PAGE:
“From 2017 to 2018, our number of new contracts grew rapidly. But, according to Japanese accounting standards, our deficit increased. The way we were reporting our financial results did not provide a full picture of the long-term profitability of the business,” he adds.

IFRS 17 is still voluntary in Japan, but its focus on periodic profit and loss was highly attractive to LIFENET. “We realized that IFRS would enable us to defer new contract fees over the policy period in alignment with the policy income generating at the same time. This meant we would be able to disclose periodic profit and loss in line with our company's actual state,” says Kawasaki.

With IFRS disclosures offering a more accurate picture of LIFENET’s strong financial fundamentals, the company could then approach the market with a compelling story.

Being able to disclose information using a universally recognized global accounting standard would also help LIFENET to widen their investor base beyond Japan. “With the insurance industry continuing to globalize, it was important that we match the benchmark of IFRS to support international comparison,” Kawasaki says.

LIFENET decided to become Japan’s first independent insurance company to implement IFRS17.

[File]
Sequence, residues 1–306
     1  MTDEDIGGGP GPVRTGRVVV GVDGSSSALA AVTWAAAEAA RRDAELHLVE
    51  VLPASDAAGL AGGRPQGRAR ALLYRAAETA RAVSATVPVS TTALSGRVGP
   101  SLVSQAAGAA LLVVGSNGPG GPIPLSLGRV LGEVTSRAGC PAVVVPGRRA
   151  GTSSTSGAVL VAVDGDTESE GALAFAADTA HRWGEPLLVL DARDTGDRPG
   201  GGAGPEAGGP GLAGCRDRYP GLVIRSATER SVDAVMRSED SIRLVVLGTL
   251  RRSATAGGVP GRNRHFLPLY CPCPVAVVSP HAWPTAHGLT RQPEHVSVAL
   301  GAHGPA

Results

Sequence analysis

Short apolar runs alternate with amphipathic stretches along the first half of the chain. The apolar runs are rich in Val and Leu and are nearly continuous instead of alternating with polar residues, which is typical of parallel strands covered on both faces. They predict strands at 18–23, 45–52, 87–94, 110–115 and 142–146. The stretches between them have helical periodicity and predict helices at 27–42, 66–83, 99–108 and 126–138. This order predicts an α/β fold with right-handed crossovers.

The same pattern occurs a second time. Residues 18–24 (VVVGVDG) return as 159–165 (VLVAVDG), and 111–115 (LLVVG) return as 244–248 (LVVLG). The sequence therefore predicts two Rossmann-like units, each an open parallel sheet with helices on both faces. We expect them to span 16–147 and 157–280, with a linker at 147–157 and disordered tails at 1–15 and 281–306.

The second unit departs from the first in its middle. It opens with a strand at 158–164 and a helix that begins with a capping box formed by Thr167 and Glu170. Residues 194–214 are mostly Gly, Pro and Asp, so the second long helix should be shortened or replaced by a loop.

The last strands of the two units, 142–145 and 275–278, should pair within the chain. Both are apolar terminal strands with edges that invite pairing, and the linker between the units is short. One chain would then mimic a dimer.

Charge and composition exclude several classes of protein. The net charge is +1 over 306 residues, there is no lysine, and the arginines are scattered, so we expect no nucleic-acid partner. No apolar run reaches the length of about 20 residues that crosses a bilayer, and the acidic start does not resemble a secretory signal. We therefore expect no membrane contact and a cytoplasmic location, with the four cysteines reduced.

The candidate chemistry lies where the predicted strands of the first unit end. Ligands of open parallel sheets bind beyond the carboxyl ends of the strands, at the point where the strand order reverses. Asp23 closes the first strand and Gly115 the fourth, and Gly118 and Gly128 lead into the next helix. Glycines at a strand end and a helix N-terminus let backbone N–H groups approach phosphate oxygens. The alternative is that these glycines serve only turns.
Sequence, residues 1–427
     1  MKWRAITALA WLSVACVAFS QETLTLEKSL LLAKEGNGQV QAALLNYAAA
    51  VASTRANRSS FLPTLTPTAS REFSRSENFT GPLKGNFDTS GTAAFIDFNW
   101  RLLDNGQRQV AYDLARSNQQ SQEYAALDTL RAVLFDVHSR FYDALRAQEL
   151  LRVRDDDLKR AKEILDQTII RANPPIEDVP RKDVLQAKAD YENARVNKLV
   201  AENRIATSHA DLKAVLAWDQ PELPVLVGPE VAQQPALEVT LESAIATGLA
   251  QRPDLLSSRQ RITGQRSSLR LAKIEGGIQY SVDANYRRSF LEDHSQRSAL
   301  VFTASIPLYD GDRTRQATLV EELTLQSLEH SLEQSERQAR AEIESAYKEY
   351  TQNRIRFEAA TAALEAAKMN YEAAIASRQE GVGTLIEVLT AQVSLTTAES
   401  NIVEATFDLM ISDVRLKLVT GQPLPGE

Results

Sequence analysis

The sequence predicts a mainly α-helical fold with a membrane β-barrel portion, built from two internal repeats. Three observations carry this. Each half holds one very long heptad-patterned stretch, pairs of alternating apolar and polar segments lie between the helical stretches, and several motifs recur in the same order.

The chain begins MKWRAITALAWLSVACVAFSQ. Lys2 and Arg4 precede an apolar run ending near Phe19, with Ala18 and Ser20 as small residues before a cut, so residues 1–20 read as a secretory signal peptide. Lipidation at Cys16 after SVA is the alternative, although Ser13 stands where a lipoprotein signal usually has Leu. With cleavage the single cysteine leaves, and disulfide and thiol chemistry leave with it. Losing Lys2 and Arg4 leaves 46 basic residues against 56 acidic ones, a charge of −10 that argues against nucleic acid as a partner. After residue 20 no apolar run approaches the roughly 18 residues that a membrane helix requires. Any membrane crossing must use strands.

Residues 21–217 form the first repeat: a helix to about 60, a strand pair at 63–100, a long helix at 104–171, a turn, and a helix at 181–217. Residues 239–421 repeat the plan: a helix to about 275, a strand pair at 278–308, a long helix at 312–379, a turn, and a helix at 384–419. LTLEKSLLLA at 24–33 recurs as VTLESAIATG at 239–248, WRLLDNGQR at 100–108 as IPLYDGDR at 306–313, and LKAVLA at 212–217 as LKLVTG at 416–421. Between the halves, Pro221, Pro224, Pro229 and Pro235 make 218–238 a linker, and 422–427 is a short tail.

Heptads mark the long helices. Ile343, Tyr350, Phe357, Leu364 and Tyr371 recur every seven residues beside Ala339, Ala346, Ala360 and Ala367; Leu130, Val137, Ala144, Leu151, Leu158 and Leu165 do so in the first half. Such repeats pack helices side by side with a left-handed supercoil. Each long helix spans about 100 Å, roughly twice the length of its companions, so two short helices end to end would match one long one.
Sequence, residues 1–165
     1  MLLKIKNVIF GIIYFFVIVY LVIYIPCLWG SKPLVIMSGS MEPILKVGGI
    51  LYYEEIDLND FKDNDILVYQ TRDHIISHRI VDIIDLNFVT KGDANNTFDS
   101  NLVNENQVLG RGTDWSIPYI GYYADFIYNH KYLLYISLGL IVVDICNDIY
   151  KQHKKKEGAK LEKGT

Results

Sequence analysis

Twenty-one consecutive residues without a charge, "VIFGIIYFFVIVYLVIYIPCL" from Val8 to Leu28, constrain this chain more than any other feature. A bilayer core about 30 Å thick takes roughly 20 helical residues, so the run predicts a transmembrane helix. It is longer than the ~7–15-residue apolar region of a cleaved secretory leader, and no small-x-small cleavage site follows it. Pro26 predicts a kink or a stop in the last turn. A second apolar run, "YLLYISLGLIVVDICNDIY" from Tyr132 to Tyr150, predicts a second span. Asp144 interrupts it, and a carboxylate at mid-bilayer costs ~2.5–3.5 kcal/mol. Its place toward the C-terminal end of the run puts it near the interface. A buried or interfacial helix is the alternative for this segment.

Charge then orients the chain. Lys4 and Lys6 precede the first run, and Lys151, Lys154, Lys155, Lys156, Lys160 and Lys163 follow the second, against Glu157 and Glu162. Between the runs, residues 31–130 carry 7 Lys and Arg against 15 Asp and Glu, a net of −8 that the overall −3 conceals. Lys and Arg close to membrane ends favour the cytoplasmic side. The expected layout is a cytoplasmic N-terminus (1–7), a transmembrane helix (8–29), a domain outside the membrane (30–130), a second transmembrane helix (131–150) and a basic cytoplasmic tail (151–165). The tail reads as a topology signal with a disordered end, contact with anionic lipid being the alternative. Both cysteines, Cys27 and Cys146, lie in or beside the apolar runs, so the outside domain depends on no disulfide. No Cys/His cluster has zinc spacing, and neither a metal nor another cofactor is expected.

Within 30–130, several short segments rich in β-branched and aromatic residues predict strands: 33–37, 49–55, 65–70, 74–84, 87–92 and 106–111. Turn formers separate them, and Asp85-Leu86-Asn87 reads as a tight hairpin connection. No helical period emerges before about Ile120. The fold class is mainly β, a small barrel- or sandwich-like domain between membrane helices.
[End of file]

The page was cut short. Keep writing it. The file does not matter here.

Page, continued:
Mount Fuji in Autumn

The better the answer

Hands-on support for a 5-year IFRS implementation project

An EY team gave early insight into what the new reporting would look like and supported implementation right up to market briefings.


When LIFENET was considering its bold move, IFRS 17 had just been announced. There was no precedent for its implementation. “Although we made trial calculations by applying the IFRS standards internally, there were many things we couldn’t determine, such as whether the calculations were correct and whether it was really possible to defer our new contract costs, which were mainly advertising expenses,” recalls Kawasaki. “We collaborated with the EY organization where the professionals are familiar with IFRS. A team of five EY accountants and consultants came on board to work with us full time.”